As we discussed in the introduction, simply capturing a stone or stones is usually a move of last resort in a game. Usually it is more efficient to prevent the attacked group from living (so at the end of the game the stones are removed) and in the process surround a bit more territory.

As we know Black could have captured the White stone by playing in the triangled position but chose instead to play a different move:
The move played is making it a little more likely that the territory in the top left becomes owned by Black. It’s not yet certain but that is a discussion for later, on the topics of:

Capturing the White stone would have its merits but capturing it on a larger scale is even better. So is the White stone captured? It depends on the rest of the board.

Black’s stone in the lower right is crucial:
To understand why Black’s stone is crucial, the circles on the board map out the way that White is being captured on a large scale. Of course on a real board they are not there, but understanding that White is captured draws on two skills you will need to develop:
This diagram helps with the explanation:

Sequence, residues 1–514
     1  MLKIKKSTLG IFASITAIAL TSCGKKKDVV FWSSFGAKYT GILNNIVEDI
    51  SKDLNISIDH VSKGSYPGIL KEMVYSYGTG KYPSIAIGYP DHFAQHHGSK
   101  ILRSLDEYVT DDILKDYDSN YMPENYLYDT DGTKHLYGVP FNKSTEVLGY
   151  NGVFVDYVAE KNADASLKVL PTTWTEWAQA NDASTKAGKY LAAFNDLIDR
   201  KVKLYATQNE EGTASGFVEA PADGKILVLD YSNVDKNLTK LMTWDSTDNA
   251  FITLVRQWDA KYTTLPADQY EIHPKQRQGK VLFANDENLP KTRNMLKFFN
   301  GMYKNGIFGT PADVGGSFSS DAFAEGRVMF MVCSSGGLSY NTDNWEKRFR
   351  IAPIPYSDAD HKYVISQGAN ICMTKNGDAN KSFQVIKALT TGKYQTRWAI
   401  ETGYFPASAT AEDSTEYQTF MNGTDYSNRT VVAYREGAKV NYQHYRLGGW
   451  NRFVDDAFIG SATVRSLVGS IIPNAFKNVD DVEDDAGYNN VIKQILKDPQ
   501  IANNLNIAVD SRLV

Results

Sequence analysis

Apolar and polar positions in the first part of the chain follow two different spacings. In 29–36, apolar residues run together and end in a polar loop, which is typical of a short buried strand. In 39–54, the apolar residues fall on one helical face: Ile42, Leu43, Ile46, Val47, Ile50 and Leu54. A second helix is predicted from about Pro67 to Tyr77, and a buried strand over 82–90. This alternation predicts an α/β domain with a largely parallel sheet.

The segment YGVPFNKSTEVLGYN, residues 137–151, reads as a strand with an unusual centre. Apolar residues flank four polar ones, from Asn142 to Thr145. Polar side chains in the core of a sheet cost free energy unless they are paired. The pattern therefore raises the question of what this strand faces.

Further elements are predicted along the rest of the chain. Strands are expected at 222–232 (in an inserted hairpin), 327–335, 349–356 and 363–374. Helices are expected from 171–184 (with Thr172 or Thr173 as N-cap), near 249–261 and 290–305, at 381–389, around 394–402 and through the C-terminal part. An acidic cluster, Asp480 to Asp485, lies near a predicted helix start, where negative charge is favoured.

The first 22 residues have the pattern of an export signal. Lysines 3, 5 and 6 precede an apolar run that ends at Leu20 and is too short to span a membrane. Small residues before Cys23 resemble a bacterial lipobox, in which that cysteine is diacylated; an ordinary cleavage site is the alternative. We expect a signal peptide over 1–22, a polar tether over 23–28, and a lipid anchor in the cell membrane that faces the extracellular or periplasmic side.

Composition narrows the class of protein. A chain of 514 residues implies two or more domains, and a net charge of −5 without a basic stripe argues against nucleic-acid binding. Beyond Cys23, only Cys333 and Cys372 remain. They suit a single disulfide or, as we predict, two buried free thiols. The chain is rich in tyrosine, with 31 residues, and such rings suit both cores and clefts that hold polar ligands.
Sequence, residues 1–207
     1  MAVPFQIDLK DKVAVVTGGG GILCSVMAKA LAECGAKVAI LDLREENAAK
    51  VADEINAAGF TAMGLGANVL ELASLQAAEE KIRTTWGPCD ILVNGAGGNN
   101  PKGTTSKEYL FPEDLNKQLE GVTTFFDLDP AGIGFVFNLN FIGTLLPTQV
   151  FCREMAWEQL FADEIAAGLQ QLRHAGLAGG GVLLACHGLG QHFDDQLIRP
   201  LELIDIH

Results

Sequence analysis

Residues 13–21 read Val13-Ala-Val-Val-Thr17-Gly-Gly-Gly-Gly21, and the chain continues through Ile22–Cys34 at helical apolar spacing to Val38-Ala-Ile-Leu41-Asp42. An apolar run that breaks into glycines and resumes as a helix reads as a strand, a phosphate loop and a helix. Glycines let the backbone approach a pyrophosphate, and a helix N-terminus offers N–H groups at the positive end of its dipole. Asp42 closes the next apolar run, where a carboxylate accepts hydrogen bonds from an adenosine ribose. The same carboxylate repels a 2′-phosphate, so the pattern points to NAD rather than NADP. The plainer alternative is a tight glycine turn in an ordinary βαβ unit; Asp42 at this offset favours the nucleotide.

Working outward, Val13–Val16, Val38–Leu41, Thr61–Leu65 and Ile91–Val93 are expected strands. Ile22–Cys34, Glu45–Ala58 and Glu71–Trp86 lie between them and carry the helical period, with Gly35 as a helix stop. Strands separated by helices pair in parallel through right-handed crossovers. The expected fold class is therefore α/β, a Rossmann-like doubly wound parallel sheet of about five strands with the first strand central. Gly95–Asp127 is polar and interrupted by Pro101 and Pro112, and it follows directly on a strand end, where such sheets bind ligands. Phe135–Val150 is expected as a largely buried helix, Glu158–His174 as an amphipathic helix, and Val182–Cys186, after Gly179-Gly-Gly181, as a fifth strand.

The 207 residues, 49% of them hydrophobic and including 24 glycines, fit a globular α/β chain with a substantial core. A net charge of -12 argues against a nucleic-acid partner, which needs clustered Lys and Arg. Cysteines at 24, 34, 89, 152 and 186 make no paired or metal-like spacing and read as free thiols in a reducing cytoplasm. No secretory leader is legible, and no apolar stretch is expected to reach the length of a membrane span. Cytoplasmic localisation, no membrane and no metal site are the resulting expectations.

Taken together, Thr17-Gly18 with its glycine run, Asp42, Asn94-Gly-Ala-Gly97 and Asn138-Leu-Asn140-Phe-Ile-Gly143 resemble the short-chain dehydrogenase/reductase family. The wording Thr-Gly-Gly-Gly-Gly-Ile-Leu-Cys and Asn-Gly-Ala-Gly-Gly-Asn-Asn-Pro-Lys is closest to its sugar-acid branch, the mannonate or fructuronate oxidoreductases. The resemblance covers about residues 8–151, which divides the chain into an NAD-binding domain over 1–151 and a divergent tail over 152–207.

White has tried to run away and Black has kept White inside those circles.

If White continues to run away eventually they will arrive at the rightmost circle and Black will capture all the stones by playing an enclosing (capturing) move.

However, that is not the end of the story.

White should not try to run away but counter-attack as shown:

Any move on one of the circled positions will act as a ladder-breaker.  This stone is both a ladder-breaker and also is starting to put some pressure on the Black stone in the lower right (Any move that does more than one thing is usually a good move).

Black will probably want to defend that corner and White has successfully protected the stone in the upper left (for now).

Should Black now try to capture White this is the outcome:

Worse, all those black stones can be attacked on the triangled points with a double atari. This is a very bad result for Black and unless something truly amazing happens Black has lost the game.

White’s ladder-breaker is also an attempt to force Black to capture the White stone using two moves when one would had done (so, doing three things, then). After Black has defended the lower corner White now has to decide whether to leave the White stone in atari or start the escape.

We are at a decision point in the game and if White decides to play elsewhere then Black is free to play on one of those circles so as to disable White’s ladder-breaker. And it all starts again.

This is a good time to introduce another book: “Lessons in the Fundamentals Of Go” by Toshiro Kageyama, 7P. It’s quite easy to find so here’s a review and almost every Go player will agree with what it says.

Here’s a precis on what he says about ladders:
…many are apt to become impatient when confronted by long ladders […] there is a widespread tendency to give up […] ladders should be the school that teaches you to read…
So this section concludes with a diagram adapted from Kageyama’s book and a question: “Is White trapped in a ladder?”